Fighting with Windows 8

, posted: 25-Nov-2012 11:43

Getting used to Windows 8 means learning new ways of doing familiar things. This is fine, provided there's a benefit to be had but unfortunately, Microsoft has made some mystifying choices in Windows 8 that add complexity and effort to completing tasks, instead of the opposite.

For instance, I like the ability to use keyboard shortcuts and the ability to start typing a program or file name in Windows 8 to locate it instead of playing the find-the-tile horizontal scroll-o-rama game.

The search function in Windows 8 is fast and comprehensive, but defaults to looking in the Apps section. If you look for Windows tools like Device Manager or Windows Update, the search function should have enough smarts to show them in the left-hand side pane, instead of saying "No apps match your search".

Search has in fact found Device Manager but as it's in Settings it won't show up to the left unless you select that area instead of Apps. I have no idea why this is considered the right way to display search results in Windows 8.

Strangely enough, if you search for Control Panel, it shows up all right, but not the applets in it.

While in Control Panel let's say you want to add an Admin user like you would in Windows 7.

That's not how it's done Windows 8: you have to use the Metro-style PC Settings to add users instead.

OK, so you add the user and then discover there's no way to promote the account to Administrator. This is done in the stripped-down Control Panel applet mentioned above which also has other user management functions. I imagine the change is done to discourage the creation of Admin users, for security reasons. Nevertheless, could user management not be done in one single place?

Oh, and futzing around with settings reveals that Windows 8 only seems half-aware of hardware keyboards. You notice this as you get password and other input fields that bring up the large on-screen keyboard even though the hardware one is active at the moment.

Next, I wanted to play the horrendously addictive Wordament game, available from the App store for free. Don't install it, as you won't be able to stop playing it.

Even though I was logged in with my Microsoft account which is tied in with my Xbox one, Wordament said it had to log into the Xbox service. Fine, do that. Except it timed out after a minute or so with a "we're not sure what went wrong" error message and I was told to sign on via the Xbox.com website.

Right, click and the Win8 style version of Internet Explorer starts up and you go to Xbox.com.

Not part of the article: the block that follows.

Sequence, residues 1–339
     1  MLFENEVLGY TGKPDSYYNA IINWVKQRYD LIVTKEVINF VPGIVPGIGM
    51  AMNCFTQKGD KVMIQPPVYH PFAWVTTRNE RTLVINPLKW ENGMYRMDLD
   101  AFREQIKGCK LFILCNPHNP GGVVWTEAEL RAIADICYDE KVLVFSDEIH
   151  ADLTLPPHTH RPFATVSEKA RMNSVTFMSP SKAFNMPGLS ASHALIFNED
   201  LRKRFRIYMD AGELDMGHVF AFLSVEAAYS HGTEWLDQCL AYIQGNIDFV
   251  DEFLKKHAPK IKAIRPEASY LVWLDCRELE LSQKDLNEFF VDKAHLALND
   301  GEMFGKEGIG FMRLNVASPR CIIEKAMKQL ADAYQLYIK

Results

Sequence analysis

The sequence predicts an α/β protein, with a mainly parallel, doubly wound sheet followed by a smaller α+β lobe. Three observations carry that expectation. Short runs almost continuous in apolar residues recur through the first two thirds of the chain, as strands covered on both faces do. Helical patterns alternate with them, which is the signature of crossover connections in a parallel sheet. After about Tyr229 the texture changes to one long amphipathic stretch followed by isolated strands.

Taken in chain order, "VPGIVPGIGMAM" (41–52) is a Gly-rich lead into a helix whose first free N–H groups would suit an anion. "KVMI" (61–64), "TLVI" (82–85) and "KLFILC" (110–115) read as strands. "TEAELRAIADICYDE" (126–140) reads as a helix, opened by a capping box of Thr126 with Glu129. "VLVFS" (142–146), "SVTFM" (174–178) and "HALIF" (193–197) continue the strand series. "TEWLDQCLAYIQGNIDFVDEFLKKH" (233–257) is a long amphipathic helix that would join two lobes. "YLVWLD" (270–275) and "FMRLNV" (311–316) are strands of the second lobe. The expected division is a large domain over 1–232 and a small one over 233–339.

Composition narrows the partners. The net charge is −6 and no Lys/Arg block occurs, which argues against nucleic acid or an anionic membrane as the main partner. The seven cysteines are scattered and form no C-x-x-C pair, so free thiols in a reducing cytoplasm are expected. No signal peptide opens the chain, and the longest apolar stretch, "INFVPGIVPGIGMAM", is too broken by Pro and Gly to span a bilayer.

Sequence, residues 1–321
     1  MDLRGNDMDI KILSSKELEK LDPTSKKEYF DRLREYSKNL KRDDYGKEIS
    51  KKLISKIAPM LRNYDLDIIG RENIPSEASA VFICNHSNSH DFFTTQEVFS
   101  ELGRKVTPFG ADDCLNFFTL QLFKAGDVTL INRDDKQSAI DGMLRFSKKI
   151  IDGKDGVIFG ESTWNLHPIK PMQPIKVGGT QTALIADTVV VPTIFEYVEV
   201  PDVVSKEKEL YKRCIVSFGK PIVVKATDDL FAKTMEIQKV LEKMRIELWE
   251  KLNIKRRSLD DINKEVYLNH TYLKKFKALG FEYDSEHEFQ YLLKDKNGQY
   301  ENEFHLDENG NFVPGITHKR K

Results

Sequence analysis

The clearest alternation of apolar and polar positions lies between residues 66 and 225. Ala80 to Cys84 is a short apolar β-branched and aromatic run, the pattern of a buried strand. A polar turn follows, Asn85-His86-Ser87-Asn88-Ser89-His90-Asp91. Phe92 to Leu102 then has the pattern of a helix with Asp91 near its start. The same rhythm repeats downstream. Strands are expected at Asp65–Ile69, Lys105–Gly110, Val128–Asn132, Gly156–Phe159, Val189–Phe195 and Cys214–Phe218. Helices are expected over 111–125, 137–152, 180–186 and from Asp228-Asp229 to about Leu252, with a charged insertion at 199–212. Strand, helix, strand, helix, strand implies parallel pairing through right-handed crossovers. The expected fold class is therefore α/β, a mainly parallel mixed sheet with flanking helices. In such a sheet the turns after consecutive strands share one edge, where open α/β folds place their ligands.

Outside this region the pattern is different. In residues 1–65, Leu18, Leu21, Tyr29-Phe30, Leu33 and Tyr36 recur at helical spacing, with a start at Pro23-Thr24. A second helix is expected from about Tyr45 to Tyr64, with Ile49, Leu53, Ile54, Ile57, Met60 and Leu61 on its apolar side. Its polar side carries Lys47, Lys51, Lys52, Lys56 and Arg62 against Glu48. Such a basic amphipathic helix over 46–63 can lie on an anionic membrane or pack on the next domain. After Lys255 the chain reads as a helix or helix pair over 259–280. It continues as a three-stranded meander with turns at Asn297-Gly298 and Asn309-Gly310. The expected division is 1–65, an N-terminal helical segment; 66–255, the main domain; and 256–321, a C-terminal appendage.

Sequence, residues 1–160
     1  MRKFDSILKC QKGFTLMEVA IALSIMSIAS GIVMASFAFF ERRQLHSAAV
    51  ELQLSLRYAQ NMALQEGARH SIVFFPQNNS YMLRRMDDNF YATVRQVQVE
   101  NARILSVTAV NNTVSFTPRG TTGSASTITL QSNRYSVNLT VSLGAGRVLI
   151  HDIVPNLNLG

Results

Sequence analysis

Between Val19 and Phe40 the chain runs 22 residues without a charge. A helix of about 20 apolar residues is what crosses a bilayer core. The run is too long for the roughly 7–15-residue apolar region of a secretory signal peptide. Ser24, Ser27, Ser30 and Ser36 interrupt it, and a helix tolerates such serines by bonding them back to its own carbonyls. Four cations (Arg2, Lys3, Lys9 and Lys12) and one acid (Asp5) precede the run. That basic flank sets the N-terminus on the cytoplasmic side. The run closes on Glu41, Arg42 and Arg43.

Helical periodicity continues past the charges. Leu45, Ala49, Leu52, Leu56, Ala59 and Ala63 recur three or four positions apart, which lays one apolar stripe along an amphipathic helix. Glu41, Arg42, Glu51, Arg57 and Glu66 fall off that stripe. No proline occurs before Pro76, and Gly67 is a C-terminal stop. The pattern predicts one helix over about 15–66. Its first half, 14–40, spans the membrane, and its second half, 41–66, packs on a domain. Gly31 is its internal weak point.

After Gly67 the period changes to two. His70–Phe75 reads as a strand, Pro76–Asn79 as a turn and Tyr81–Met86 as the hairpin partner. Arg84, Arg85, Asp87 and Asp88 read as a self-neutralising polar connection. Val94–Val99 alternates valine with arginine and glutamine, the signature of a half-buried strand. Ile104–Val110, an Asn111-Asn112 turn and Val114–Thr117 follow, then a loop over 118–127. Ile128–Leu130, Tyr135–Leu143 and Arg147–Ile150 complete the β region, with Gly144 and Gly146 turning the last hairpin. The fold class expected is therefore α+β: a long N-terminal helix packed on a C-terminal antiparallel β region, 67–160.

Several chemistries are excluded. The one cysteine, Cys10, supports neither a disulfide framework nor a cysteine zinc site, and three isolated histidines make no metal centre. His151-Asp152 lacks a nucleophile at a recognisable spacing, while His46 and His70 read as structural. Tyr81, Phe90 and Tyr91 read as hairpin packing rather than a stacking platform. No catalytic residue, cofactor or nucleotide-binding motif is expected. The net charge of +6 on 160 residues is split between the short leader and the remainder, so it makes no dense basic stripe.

Wait. "The site www.xbox.com uses add-ons that require Internet Explorer on the desktop."

Screenshot Win8

At this stage, any normal person would get a bit hot under the collar and mutter some nasty words in Redmond's general direction. Not me though. I fired up Internet Explorer on the desktop and logged in to Xbox.com and finally, I could play Wordament. Having to jump through multiple hoops just to play a game didn't try my patience at all.

The reason this is happening is due to Microsoft being on a mission to make the web a plug-in free zone. Not all parts of the company read the memo though. Microsoft's Office 365 site pops up the same message.

Now, this isn't Microsoft's fault (I think) but Google Chrome on Windows 8 touch-enabled PC doesn't work very well. The device I'm using has a hi-res, 1,920 by 1,080 pixel 11.6" screen so in Desktop mode, things are really small and hard to hit with big fingers. Using the default 125 per cent scaling helps but some things need to be even bigger to work for touch. Unfortunately, scaling to 150 per cent puts screen elements out of whack - and Windows 8 warns you this will happen.

Not being able to scale screen element on hi-res displays isn't as bad as it seems because in IE10 I can pinch-zoom to make things bigger and smaller.

Chrome however doesn't understand that gesture in Desktop or Windows 8 modes yet. Voice chats and hangouts don't seem to work either but Google says it's working on those issues. Muh.

One thing I miss while in Desktop mode is the ability to start typing to search the computer, as you can while in Windows 8/Metro mode. I'd happily trade the Win8 swipe from top of the screen to the bottom method of closing programs, which works badly on big, vertical touch displays, to be able to search by typing in Desktop mode.



Other related posts:
The Windows Phone 7.5 bouncing tiles bug
Windows Live Essentials betas seem good, but oh so flaky
Today’s incomprehensible Windows security warning






comments powered by Disqus


Writing

Google News search
Wired
Guardian
IT News
PC World New Zealand
Computerworld NZ
PC World and Computerworld Australia
PC World US
Computerworld US
NZ Herald
Virus Bulletin

Content copyright © Juha Saarinen. If you wish to use the content of my blog on your site, please contact me for details. I'm usually happy to share my material as long as it's not for spamblogs and content farms. Please attribute with a link back to this blog. If you wish to advertise on my blog, please drop me an email to discuss the details.
Comments policy All comments posted on this blog are the copyright and responsibility of the submitters in question. Comments commercial and promotional in nature are not allowed. Please ensure that your comments are on topic and refrain from making personal remarks.